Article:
Discover more from The Ten Year Startup Journey
The Ten Year Start Up Journey | #Act1
Understanding the terrain and picking a spot to make camp.
If you want to start from the beginning, the first post on this subject is here.
This guide is for first time entrepreneurs. It is the guide I wish I had. In following it, you are the hero of the story, it comes in three acts. This post is about the first, #Act1.
How the Guide Works
There are two sequences to this #Act1. They are #Sequence1 & #Sequence2. Each sequence is made up of four #Scenes. It will take you months to complete each sequence, depending on how well you know the market(s) you are interested in. Maybe 4-8 months is a realistic time range for completing both. #Sequence1 will take about 1/4 of the total time for this #Act1, and #Sequence2, 3/4 of the total time.
At the end of this #Act1, you will have an identified customer set, that has a painful-problem(s) you understand well. And some ideas of solution(s) that you believe could solve the problem, ready to be tested. Finally a written down hypothesis on how you will build your company and lead it.
In short #Act1 will take up to 8 months, with 2 Sequences made up of 4 scenes each
Building a business takes a long time, about three times longer than you think, so get mentally prepared for a long ride and enjoying the journey. Don’t make choices for the money, choose it for the excitement/alignment with your own passions & skills, and something you want to be doing many years from now.
Good distribution beats great product (great products no one knows about, or cares about, don’t make money). So lets build distribution into our thinking from the start. We still want to make great product, but it is only part of the picture.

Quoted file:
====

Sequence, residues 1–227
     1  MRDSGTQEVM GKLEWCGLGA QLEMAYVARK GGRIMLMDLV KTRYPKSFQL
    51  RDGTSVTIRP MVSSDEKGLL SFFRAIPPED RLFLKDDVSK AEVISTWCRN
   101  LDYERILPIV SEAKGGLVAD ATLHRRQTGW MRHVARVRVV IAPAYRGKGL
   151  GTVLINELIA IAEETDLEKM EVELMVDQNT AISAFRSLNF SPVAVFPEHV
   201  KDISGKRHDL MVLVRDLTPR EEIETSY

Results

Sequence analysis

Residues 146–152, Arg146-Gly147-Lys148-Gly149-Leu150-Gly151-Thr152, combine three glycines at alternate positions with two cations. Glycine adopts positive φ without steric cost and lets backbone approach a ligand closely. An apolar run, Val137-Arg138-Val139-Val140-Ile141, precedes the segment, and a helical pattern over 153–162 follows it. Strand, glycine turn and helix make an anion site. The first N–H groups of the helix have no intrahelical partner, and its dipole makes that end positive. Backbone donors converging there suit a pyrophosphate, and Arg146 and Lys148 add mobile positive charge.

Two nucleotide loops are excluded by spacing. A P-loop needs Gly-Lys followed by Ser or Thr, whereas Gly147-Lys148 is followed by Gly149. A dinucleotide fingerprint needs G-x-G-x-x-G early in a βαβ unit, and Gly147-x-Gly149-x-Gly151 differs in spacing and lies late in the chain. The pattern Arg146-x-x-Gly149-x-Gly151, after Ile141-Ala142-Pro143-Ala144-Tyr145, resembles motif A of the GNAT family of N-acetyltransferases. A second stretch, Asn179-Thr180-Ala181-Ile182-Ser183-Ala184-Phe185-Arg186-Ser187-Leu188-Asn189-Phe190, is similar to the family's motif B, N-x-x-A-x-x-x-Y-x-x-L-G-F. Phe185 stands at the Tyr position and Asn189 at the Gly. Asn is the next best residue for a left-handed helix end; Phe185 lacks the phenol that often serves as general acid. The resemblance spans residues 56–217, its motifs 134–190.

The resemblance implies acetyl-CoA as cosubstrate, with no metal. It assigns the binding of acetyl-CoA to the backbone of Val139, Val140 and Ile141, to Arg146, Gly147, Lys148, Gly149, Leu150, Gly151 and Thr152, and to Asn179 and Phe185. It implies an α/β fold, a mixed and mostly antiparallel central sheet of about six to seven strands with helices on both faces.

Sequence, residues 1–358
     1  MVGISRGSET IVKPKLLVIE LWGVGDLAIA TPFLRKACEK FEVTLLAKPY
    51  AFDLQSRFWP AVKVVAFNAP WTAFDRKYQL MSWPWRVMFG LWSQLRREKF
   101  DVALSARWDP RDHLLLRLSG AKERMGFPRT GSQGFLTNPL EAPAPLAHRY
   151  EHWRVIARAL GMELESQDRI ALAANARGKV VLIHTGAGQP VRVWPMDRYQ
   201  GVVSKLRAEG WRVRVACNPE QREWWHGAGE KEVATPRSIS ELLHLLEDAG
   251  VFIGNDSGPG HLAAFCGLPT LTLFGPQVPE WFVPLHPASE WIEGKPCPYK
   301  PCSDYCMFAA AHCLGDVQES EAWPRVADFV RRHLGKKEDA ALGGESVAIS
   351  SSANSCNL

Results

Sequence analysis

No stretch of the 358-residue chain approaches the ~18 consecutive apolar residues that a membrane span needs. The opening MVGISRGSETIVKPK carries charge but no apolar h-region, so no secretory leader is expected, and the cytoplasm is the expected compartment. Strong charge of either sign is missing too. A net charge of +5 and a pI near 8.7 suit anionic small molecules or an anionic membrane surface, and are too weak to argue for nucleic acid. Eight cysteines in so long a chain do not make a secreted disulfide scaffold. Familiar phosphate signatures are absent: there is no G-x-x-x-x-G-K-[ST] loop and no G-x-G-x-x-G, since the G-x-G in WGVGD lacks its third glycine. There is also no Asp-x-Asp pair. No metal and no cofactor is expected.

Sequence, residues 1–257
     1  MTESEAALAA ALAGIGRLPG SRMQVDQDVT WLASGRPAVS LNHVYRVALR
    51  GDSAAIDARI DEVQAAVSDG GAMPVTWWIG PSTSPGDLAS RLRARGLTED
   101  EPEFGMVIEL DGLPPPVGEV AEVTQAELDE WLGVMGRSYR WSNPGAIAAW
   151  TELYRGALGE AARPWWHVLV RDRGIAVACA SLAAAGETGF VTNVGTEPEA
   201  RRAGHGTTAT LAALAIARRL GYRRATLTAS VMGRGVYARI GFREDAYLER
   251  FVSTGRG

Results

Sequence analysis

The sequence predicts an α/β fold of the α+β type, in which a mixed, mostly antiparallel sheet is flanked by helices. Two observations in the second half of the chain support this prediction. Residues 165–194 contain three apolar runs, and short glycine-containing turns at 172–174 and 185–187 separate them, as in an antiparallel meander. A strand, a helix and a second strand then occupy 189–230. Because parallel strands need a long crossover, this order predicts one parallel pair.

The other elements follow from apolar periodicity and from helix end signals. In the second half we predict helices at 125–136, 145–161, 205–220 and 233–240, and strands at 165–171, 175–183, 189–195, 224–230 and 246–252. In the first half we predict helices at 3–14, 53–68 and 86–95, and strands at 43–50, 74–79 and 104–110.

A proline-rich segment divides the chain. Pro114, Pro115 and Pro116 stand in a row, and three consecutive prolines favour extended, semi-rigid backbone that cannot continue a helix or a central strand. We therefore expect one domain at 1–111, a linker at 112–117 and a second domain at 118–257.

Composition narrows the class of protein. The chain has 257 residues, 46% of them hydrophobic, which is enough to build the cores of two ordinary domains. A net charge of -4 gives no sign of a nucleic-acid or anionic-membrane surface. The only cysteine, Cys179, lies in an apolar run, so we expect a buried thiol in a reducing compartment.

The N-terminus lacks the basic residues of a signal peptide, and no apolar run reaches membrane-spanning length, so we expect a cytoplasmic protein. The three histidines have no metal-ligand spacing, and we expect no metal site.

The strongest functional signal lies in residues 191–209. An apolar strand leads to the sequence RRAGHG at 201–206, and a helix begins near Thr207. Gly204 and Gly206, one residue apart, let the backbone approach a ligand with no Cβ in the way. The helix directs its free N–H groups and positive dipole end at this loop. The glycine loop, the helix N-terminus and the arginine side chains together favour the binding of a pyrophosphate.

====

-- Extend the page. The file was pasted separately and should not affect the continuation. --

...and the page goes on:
We constantly do the math on ‘how many, and how much’, as we go, so we don’t build something small, of low value, that no one cares about.
Do we have the right to win? Success= QR(Q is your ability x the quality of your idea)*.
We will try and select great, outsize ideas (true innovations) that when multiplied by our ability, deliver big success. It’s better to be 10 x different idea and fail quickly, than marginally different. This stop us spending years building a zombie business that struggles to gain sales, but somehow hangs on to life.
Goldilocks timing is what we are looking for. We will happily be early, but not too early, but definitely we don’t want to be too late; see a post on that here.
Problems and pain are opportunities in disguise. You can truly get used to hard things and embrace and enjoy them. This isn’t just rhetoric, humans were not born for an easy life.
Disciplined thoughts, experiments and actions are needed to succeed so document everything.
You will often go backward and have to start again, its painful, that’s just how it works.
...and he nodded his head, “Yeah, same for me. It takes about seven years to get to exit.” That's true in the software/SaaS business and it's true for many businesses and even career paths. You have to be ready for it to take years longer than you hope or want before you hit your big goals.
Innovation is very messy and chaotic. There is no shortcut. You only get the success after many failed attempts and dead ends. Creating a business (vs running an established one), is like running around a maze, doubling back on yourself constantly, learning a little more every time and trying a new route, again and again. Every dead-end is a not a fail. It’s a fail removed. As long as you remember to document and learn from the dead ends. Consequently with this guide you will be following scientific methods from the smartest minds I can find, in the area of creating start-ups, that I know work because I have implemented it or worked with a team that has.